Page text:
Understand how to organize information in paragraphs so readers can scan your work and better follow your reasoning.

Unlike punctuation, which can be subjected to specific rules, no ironclad guidelines exist for shaping paragraphs. If you presented a text without paragraphs to a dozen writing instructors and asked them to break the document into logical sections, chances are that you would receive different opinions about the best places to break the paragraph. In part, where paragraphs should be placed is a stylistic choice. Some writers prefer longer paragraphs that compare and contrast several related ideas, whereas others opt for a more linear structure, delineating each subject on a one-point-per-paragraph basis. Newspaper articles or documents published on the Internet tend to have short paragraphs, even one-sentence paragraphs.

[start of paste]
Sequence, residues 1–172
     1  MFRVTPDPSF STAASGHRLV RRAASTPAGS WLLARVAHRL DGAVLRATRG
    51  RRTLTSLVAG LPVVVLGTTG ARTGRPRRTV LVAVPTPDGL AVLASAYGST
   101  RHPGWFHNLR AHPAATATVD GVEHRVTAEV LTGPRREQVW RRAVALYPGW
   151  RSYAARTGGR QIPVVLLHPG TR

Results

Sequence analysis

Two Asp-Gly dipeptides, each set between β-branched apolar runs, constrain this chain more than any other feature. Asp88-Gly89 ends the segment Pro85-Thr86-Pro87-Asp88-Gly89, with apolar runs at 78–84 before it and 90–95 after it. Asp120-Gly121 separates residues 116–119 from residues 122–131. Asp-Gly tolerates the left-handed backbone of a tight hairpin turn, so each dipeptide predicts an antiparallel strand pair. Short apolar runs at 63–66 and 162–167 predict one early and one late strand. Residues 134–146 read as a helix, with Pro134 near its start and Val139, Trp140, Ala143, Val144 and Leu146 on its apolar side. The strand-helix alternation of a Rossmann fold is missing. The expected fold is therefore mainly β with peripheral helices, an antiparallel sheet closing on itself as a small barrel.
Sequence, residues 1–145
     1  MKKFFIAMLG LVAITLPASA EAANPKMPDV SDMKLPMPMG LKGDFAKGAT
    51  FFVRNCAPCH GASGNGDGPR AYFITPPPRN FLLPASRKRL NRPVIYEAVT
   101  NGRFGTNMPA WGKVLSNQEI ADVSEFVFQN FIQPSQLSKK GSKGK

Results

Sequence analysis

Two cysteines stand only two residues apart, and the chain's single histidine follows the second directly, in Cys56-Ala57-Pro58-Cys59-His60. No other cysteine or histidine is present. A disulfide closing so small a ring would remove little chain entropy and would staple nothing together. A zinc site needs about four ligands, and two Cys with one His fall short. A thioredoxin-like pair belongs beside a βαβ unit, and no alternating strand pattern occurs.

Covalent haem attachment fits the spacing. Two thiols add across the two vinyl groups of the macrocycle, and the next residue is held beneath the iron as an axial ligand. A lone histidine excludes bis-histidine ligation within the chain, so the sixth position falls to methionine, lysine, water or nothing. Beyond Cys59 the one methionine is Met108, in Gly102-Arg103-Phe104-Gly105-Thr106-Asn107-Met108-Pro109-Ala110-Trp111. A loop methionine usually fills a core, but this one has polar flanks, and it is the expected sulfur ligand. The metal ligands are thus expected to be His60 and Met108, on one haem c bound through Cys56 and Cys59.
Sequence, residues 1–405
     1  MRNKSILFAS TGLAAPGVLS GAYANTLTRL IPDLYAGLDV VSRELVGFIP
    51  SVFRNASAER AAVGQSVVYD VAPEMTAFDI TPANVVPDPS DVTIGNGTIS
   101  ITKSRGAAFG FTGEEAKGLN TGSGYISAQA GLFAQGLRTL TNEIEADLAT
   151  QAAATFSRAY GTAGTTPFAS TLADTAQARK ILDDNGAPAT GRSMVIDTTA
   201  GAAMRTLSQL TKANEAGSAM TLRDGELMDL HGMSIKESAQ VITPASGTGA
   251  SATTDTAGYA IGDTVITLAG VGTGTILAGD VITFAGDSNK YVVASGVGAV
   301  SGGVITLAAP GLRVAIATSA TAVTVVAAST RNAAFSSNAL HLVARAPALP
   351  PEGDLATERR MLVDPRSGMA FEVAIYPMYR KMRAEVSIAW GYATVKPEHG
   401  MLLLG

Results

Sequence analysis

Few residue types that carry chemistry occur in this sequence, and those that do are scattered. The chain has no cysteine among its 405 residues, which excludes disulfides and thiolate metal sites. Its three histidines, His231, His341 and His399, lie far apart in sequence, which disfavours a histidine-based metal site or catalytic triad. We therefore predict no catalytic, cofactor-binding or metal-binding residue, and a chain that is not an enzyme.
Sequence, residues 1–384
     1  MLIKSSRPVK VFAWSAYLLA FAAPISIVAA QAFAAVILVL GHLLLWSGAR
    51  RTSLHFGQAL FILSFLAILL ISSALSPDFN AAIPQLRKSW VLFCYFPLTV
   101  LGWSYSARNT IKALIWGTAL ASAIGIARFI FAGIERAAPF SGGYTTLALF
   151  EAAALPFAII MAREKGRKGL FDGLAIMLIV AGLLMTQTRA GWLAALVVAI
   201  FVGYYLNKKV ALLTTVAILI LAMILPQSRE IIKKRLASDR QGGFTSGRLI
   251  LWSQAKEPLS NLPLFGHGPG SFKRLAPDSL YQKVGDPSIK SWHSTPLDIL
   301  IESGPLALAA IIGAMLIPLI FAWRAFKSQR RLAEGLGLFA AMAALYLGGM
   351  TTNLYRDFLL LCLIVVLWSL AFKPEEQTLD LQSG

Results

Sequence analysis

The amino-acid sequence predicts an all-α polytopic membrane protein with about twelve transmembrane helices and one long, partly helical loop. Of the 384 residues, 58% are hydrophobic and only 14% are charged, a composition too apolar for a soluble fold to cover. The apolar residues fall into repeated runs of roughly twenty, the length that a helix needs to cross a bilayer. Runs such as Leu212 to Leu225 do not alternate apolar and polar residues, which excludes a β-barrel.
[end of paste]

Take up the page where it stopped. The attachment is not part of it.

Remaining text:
While you generally want to move from the known to the new, from the thesis to its illustration or restriction, you sometimes want to violate this pattern. Educated readers in particular can be bored by texts that always present information in the same way.